Arabic news service Elaph to launch three online portals after BBC deal
The founder of Elaph.com, an Arabic news service, says he plans to launch three online portals by the end of 2017, as he confirmed a deal with BBC Arabic to republish video content.
Othman Al Omeir, a Saudi-born businessman and journalist, founded Elaph in 2001. He based it in London to sidestep what he describes as a lack of media freedom in parts of the Arab world.
But with relatively low advertising revenues from political news, Mr Al Omeir now plans to launch three Elaph-branded websites – covering business, the arts, and women’s interests – over the next two years.
“It is those that generate money, more than politics,” he said. “We are also thinking about having an English website after we publish the three others.”
Mr Al Omeir said it “isn’t easy” to derive advertising income from political news, but said that would not be the case with the new sites. They will also be based in London, as some news outlets in the Middle East lack the “freedoms to tackle all the problems, especially the political or religious problems”.
“We have more freedom because we are outside the Arab world,” said Mr Al Omeir. “There are many writers who write for Elaph what you couldn’t write for a publication in the Middle East.”
Elaph last month signed a deal with BBC Arabic to broadcast video content produced by the BBC. Under the terms of the deal, BBC Arabic will provide about 120 video clips a month to Elaph.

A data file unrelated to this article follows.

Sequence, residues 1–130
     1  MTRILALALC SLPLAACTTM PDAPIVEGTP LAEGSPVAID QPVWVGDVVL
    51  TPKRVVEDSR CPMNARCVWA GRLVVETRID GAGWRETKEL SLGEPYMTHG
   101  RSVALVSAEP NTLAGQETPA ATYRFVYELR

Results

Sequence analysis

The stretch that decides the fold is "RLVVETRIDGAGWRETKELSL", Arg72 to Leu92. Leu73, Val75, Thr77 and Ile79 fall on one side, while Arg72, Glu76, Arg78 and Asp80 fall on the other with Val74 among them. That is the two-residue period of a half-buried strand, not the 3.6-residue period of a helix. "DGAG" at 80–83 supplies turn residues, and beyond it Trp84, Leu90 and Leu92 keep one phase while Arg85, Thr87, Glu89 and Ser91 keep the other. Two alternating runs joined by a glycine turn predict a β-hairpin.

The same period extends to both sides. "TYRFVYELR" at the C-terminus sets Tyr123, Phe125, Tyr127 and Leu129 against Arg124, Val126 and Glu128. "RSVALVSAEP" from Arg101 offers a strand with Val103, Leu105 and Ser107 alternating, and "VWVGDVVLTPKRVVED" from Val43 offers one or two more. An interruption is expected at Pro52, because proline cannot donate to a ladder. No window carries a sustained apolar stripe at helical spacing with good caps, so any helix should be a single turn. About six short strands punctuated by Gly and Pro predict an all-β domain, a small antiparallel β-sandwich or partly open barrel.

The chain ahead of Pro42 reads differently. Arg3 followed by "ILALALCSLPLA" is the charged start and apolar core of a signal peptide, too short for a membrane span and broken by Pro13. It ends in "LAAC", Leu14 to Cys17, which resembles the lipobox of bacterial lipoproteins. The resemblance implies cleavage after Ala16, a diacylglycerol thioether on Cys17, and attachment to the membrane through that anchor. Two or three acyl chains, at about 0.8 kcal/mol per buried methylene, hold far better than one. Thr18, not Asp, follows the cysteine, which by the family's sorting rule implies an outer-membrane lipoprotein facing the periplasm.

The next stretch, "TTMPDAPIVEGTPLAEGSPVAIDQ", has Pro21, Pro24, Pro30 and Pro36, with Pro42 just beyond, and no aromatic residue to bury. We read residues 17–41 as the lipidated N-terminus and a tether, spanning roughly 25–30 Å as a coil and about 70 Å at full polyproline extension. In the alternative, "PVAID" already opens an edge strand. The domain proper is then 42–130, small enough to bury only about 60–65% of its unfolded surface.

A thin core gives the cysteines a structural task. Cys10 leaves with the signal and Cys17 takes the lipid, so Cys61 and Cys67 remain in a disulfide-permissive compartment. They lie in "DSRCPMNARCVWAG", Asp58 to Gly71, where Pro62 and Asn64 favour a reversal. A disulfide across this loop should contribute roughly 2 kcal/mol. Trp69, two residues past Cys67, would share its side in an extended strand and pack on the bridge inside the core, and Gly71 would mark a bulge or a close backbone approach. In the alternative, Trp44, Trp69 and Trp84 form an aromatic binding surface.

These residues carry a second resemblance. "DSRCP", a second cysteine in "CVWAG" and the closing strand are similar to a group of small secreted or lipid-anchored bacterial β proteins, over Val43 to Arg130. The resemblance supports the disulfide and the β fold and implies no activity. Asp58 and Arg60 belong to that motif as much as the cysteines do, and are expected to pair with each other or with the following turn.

The BBC did not disclose the value of the deal.
Mr Al Omeir said the deal would encourage “real journalism”, which he said was lacking in parts of the wider industry.
“Our goal is to try to transfer the experience of the European countries – like with the BBC and in Germany, and also the United States – to our media. This is what we need,” he said.
Mr Al Omeir said: “We don’t want to just transfer the technology and the quantity. We want to have real journalism and hot stories.”
Elaph currently has journalists in Syria and Yemen covering the conflicts in those countries, unlike many other Arabic news outlets, according to Mr Al Omeir.
“A lot of things are not right in the Arab media. We have two wars, one in Syria and one in Yemen. And how many journalists are there? You will see very few,” he said. “So this is part of what we are trying to introduce, to have the story from its own sources.”
A BBC Arabic spokesman confirmed the agreement reached last month with Elaph.
“The BBC granted Elaph a licence enabling the portal to include on its online pages video content from the BBC Arabic player,” he said.
“The BBC World Service has hundreds of partnership arrangements with media organisations all over the world. BBC Arabic has developed over many years strategic relationships with a range of media organisations across the Middle East and North Africa and beyond.”
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Updated: October 4, 2015 04:00 AM